Trimming the liana is not very necessary. But if pruned, the tetrastigma will tolerate it well.
As the bush grows older, it will have to be pruned to curb the growth. Remember, however, that touching the young leaves with your hands, as well as cutting them in no case, because there is a chance that it will fall off together with a part of the shoot. The grown flower needs a support, but it is recommended to install it in advance.
How to propagate with cuttings
The house tetrastigma can be easily propagated with cuttings. As cuttings, use the tops of stems that should have one bud and two grown leaf plates.
The lower cuttings are treated with a solution of a drug that enhances root growth. For rooting, cuttings are planted in a mixture of sand and peat or they are placed in a glass with water. For rooting to go faster, the container with cuttings from above should be covered with cling film, and the air temperature should be about 24 degrees. Rooted shoot segments are planted in a pot filled with a soil mixture suitable for growing adult lianas.
Diseases and pests
Tetrastigma is highly resistant to disease and pests, but if not cared for properly, the liana may begin to have problems.
If the humidity is too low, spider mites can settle on the bush, they suck the sap out of it, depleting it. You can tell that pests have settled on the liana by the thin spider web and powdery plaque. To save the flower, you will need a warm shower (water temperature about 40 degrees). If the pests remain, it can be treated with an insecticide solution.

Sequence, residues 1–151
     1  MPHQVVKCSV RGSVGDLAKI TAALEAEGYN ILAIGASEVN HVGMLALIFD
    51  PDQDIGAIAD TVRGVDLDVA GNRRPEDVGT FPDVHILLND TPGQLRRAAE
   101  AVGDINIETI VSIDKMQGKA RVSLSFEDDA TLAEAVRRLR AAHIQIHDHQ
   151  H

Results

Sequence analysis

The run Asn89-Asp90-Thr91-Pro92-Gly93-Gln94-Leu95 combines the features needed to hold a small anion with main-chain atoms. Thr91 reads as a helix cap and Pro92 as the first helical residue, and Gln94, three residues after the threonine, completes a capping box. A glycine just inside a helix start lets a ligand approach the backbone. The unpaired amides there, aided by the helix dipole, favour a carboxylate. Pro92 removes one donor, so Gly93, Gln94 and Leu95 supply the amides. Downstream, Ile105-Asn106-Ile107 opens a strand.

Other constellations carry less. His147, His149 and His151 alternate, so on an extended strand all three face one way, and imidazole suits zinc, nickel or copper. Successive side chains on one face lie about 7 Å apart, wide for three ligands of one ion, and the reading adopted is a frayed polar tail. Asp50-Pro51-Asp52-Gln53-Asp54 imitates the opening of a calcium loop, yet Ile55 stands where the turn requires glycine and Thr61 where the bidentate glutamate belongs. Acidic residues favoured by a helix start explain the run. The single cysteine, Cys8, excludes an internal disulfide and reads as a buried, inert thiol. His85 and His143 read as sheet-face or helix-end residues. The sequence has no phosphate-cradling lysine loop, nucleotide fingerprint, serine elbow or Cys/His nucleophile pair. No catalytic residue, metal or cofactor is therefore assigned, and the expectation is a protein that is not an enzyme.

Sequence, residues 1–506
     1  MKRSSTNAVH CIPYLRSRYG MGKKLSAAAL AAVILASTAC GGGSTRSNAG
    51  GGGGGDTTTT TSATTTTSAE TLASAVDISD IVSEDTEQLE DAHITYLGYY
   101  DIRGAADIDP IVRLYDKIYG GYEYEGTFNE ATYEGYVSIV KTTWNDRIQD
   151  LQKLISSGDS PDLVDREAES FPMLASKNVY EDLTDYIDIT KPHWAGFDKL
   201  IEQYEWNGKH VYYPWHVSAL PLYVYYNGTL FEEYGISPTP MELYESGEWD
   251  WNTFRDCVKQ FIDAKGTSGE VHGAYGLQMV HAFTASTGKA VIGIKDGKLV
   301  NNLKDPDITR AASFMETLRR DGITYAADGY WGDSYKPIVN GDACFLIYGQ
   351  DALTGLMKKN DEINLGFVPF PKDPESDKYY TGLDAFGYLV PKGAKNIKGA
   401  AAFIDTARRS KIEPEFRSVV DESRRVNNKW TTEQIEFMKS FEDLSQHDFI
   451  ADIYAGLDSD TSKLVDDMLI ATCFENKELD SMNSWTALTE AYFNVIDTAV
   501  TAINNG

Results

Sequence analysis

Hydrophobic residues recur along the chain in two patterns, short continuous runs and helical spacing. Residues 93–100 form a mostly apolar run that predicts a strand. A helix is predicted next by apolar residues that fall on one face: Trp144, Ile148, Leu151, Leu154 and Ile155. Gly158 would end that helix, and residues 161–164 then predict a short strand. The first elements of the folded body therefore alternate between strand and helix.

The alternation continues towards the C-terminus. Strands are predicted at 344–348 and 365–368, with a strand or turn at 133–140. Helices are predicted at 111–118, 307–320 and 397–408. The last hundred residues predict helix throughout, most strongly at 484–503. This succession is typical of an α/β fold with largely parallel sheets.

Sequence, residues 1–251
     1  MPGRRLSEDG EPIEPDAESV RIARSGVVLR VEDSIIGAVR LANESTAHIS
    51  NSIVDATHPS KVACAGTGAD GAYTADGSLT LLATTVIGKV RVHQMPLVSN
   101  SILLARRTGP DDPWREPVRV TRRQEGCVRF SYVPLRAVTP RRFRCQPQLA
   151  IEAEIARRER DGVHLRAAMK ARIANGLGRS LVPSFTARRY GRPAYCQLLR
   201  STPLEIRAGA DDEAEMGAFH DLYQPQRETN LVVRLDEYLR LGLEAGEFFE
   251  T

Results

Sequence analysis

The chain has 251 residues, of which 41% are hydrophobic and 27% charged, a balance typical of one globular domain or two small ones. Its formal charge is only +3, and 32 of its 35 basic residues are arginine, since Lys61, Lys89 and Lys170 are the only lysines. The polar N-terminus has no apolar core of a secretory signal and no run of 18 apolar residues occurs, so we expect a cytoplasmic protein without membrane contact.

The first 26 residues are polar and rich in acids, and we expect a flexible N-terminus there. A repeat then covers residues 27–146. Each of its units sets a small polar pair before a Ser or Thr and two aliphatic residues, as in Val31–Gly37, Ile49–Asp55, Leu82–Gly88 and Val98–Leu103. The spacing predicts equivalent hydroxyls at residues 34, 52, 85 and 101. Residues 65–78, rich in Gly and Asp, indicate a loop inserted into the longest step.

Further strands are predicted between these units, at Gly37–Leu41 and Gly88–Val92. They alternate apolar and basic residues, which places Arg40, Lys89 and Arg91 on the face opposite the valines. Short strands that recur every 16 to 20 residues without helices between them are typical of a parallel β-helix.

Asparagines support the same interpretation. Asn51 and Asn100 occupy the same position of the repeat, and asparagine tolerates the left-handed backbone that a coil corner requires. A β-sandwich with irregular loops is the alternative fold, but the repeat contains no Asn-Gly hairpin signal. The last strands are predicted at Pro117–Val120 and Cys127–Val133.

If a mealy worm settles on the liana, a whitish scum should appear on its leaves.
Remove this film with a damp sponge and then spray the bush with an insecticide or a folk remedy (garlic, tobacco or marigold infusion).
If not cared for properly, the shrub can have several problems:
- Stems stretching out due to low light;
- Yellow spots on the leaves if the light is too bright;
- Yellow spots on the leaves also appear if the plant is watered too hard;
- If it is exposed to very cold temperatures, dark spots will appear on the leaves.
Tetrastigma species with photo
The most popular species for flower growers in the middle latitudes is Tetrastigma voynier. It is a large liana, turning woody with time, which is an evergreen. The petiolate, palm-shaped leaf plates are dark green in color and pubescent on the underside.
When grown at home, the bush almost never blooms, but it is still occasionally decorated with small pale green flowers.
Tetrastigma lanceolata is also grown by florists, but much less frequently. Unlike Wuanye tetrastigma, the leaves of this species are more massive and colored dark green. However, the 2 species are otherwise very similar.
Tetrastigma obovate - This species differs from the others in that the oval leaf plate is attached to the petiole at the sharp end, with the apex being blunt.
The leaves are dark green in color, with denticles on the edge and a tufted pubescence on the lower surface.